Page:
Enjoying coffee is more than just a matter of liquid meeting tongue. All five of your senses play a part, some in entirely surprising ways.
See me. Feel me. Touch me. Hear me.
The Who at its lyrical best. Also, your coffee talking.
The next time you bring cup to lip, think these lines. Why? Because enjoying coffee is more than a matter of taste. All five senses play a part, some in entirely surprising ways.
Coffee is extremely complex chemically and physically, each green bean containing around 500 aromatic and flavor components. And that's just for starters. Roasting increases that count three-fold, the heat creating entirely new components while also intensifying the elements present prior to roasting. Length and temperature of the roast ultimately determine how fully the raw bean is transformed. Wine, considered among the most complex and nuanced beverages, has but 300-400 components. In tech terms, coffee is data rich, bursting with sensory information that taste alone can't process.
Preparation method wields considerable influence over how our senses experience coffee. Espresso sits at one end of the spectrum, its mix of water temperature, pressure, and time producing a highly concentrated, viscous liquid awash in complexity. At the other end of the range are methods like French press and brewed, which don't extract coffee as fully as espresso, and as a result don't carry as much sensory data. In sonic terms, these methods produce more mid-range, less treble and bass.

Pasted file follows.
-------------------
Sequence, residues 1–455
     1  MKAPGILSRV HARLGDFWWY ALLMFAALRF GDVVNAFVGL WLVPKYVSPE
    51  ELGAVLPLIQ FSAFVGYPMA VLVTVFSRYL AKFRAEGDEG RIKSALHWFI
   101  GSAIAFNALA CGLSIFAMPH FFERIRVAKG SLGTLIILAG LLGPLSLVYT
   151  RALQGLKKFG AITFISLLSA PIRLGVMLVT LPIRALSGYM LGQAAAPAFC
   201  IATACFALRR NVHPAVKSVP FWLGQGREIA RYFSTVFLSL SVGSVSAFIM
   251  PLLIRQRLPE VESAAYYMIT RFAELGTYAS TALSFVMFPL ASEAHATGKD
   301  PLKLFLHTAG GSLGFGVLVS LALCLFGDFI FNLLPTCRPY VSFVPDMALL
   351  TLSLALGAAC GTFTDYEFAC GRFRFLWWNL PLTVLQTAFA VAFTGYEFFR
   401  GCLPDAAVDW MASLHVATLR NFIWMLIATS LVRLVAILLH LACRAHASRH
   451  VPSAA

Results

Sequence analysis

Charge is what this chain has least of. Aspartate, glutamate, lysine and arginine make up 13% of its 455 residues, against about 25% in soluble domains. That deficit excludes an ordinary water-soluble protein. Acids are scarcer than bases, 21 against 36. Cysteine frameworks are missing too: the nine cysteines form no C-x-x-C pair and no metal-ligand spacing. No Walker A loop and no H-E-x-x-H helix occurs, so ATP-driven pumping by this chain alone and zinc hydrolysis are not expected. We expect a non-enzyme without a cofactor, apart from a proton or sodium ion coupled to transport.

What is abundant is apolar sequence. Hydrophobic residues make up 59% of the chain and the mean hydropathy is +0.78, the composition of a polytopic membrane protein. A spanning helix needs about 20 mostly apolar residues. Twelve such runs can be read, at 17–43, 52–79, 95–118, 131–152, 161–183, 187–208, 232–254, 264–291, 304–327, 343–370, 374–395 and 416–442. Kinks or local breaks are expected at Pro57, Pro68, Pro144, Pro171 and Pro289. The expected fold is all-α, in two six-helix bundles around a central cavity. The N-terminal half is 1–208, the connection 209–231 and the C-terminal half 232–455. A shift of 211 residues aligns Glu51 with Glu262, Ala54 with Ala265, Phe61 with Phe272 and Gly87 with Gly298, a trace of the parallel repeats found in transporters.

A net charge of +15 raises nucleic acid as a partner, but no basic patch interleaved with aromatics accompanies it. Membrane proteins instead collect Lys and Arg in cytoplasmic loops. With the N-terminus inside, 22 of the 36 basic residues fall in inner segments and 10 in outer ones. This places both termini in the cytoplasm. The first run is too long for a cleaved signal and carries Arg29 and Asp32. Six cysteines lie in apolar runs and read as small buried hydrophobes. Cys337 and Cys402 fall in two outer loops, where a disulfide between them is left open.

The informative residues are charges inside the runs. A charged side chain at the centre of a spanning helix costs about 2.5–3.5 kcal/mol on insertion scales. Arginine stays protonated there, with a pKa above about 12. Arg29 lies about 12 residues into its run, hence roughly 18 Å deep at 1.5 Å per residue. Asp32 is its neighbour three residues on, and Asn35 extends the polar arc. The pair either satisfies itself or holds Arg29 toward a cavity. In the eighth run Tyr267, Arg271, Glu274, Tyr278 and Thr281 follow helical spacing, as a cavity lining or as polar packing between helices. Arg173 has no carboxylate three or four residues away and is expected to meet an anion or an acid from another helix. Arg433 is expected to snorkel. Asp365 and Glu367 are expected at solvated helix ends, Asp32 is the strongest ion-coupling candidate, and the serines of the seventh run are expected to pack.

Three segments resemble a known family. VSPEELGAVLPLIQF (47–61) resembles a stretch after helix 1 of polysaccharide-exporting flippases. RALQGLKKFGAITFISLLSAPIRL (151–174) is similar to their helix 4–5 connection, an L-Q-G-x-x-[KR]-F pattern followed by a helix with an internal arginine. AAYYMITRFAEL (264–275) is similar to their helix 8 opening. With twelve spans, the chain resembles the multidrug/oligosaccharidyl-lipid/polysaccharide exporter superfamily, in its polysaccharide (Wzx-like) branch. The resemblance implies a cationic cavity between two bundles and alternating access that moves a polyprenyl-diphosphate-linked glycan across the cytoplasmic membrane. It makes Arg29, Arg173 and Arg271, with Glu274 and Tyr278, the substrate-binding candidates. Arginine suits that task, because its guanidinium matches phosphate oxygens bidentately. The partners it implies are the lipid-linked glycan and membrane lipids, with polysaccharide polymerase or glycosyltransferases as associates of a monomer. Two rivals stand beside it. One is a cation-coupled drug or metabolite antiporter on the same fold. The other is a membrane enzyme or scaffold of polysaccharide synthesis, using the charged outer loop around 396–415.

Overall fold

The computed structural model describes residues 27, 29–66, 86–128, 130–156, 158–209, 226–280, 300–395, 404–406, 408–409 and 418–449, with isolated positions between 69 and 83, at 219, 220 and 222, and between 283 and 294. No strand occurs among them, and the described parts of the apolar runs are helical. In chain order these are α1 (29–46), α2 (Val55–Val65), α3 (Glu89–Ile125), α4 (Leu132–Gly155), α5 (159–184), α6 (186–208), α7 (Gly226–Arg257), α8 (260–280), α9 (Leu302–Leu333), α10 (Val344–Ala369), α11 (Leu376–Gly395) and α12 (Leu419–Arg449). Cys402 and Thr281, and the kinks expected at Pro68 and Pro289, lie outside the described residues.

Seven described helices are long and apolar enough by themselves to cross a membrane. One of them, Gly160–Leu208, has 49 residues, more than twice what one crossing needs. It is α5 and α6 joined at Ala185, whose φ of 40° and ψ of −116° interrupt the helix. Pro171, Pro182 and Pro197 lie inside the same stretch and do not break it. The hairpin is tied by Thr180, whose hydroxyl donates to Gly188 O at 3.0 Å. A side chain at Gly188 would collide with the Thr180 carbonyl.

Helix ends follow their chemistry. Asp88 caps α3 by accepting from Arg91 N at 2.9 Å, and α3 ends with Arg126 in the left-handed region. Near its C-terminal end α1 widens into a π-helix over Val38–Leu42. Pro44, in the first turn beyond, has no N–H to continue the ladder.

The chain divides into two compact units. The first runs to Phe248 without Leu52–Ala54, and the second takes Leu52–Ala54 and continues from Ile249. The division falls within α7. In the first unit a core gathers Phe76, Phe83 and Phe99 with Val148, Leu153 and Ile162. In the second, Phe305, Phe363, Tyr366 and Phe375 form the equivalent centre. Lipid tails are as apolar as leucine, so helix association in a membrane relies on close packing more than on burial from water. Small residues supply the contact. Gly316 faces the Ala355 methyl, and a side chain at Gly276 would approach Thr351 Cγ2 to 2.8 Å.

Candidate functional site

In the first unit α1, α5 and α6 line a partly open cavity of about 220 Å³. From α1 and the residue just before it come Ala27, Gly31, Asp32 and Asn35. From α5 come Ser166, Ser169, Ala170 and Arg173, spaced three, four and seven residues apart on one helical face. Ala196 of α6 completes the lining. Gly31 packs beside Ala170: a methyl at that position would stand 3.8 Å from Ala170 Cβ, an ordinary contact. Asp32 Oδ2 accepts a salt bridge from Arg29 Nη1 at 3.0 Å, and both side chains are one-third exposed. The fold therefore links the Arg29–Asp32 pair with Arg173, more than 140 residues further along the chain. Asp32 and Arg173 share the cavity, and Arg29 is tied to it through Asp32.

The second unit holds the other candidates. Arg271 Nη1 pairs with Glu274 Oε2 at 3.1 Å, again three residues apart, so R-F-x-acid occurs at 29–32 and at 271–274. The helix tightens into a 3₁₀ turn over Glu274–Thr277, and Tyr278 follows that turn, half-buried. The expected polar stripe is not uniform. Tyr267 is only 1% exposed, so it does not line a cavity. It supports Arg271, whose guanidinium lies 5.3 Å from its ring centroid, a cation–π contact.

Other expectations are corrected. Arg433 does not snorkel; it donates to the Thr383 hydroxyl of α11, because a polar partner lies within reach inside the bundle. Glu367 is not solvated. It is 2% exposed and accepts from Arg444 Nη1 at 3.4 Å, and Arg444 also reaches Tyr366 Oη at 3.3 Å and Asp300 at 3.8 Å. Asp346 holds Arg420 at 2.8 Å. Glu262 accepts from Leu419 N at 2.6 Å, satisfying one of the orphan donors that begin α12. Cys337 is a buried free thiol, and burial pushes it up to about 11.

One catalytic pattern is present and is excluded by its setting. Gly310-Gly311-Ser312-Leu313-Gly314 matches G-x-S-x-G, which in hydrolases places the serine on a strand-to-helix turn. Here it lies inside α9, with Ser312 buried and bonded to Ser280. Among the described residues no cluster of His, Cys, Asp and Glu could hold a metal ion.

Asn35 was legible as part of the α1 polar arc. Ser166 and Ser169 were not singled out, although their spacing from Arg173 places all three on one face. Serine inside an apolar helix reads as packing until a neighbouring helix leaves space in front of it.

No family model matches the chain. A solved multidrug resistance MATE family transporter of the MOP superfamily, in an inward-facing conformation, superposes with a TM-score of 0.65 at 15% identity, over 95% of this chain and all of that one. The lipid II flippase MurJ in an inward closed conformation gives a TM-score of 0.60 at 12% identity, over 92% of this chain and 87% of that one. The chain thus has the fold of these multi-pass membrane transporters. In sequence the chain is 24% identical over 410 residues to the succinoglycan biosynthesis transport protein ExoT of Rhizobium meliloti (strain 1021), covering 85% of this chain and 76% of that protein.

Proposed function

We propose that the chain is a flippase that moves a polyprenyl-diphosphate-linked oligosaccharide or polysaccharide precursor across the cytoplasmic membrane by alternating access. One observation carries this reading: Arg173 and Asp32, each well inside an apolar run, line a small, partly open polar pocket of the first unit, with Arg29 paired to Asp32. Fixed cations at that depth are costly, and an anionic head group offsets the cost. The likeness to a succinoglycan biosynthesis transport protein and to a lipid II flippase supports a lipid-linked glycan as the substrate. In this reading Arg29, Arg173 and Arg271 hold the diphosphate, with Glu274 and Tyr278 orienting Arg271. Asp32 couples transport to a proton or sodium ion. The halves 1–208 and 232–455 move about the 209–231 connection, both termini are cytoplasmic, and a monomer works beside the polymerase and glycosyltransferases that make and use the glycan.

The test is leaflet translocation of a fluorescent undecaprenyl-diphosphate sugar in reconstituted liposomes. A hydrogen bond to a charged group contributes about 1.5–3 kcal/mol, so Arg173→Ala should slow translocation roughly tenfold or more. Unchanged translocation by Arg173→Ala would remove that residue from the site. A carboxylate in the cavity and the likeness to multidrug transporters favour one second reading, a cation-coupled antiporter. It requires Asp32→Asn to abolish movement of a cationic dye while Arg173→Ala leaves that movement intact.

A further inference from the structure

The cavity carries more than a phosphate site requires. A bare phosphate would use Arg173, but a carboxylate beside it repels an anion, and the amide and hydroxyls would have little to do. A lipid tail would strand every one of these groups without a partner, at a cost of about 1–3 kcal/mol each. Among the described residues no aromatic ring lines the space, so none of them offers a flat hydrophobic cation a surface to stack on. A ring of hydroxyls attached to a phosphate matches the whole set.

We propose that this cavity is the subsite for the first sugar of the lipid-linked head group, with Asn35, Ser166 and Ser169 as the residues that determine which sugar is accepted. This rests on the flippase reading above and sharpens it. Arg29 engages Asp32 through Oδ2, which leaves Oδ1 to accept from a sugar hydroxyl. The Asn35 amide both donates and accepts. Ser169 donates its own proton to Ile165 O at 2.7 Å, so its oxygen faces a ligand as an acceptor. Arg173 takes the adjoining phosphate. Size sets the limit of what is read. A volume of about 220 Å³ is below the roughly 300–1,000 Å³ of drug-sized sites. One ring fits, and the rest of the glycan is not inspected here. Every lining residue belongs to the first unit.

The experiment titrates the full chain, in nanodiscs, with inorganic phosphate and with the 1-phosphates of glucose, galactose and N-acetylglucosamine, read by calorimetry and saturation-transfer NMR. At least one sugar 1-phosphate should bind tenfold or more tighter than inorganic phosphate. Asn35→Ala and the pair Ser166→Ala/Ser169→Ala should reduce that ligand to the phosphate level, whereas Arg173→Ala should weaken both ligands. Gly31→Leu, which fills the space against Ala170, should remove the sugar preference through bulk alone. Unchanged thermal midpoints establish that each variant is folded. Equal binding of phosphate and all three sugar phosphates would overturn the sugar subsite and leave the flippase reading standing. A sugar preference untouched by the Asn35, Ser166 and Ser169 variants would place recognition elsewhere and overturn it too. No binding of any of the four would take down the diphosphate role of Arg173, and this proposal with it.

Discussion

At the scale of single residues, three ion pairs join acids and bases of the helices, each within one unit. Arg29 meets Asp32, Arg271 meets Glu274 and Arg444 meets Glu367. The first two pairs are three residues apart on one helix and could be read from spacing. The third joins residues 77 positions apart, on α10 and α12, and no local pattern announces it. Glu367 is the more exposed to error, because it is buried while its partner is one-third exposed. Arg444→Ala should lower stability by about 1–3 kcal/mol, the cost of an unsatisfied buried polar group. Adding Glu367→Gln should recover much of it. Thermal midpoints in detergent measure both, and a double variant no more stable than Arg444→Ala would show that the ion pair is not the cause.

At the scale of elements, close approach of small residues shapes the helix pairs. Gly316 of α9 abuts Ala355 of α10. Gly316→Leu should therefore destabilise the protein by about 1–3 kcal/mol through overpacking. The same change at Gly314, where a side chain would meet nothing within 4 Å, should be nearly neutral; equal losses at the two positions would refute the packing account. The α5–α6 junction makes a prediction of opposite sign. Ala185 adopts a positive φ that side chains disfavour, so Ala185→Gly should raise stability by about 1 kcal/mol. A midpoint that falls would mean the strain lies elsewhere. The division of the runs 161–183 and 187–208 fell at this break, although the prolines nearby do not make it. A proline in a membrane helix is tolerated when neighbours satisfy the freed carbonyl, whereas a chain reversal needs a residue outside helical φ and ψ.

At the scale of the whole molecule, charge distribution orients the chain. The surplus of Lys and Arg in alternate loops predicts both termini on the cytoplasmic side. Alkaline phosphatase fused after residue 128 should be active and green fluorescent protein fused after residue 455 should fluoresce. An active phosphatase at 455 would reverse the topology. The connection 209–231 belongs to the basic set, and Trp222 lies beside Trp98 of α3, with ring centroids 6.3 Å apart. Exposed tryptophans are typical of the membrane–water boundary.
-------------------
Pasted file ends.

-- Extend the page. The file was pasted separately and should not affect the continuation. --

Experiencing all that coffee has to offer is a two-way street, involving roasting and preparation dynamics on one side, and on the other how attuned our senses are to the data that coffee transmits. If you've done a formal wine tasting, you're probably familiar with this idea. Tasting as applied here is a misnomer, by the way, because it suggests that only one sense is involved.
Here are basics on how our senses work, and the role each plays in processing coffee's rich data. We'll go in order of processing speed, fastest to slowest.
Be afraid of the dark: too dark of a roast, caused by over-roasting, covers numerous desirable flavors present in any good bean.
The eyes have it: Sight is our fastest-acting and most powerful sense. Our eyes take in some 12 million pieces of information every second, and accordingly have a huge impact on how we perceive coffee. First impressions matter, big-time.
A beautiful, spotless café, restaurant, or kitchen makes an expertly crafted coffee taste even better, and masks the shortcomings of a less-than-great coffee. Similarly, cleanliness and quality of cups and other service items set the table for a superior coffee experience, literally and figuratively. Experiment at home. Make a so-so coffee and serve it in a spotless cup, alongside a fantastic coffee (same method) presented in stained china. Serve side-by-side to an unsuspecting friend, and get their reaction. Expect to witness the wonders of perception.
Of course, what matters most is the appearance of the coffee itself. Carefully examine the shade of brown in the cup, which should directly correlate to preparation method. Well-made brewed or Chemex (pour-over) coffee should be lighter brown relative to espresso, almost reddish. If coffee from these methods looks very dark brown or muddy, send it back -- or if you've prepped at home, try again. There may be too much coffee relative to water, known as overdosing, or the beans may have been over-roasted.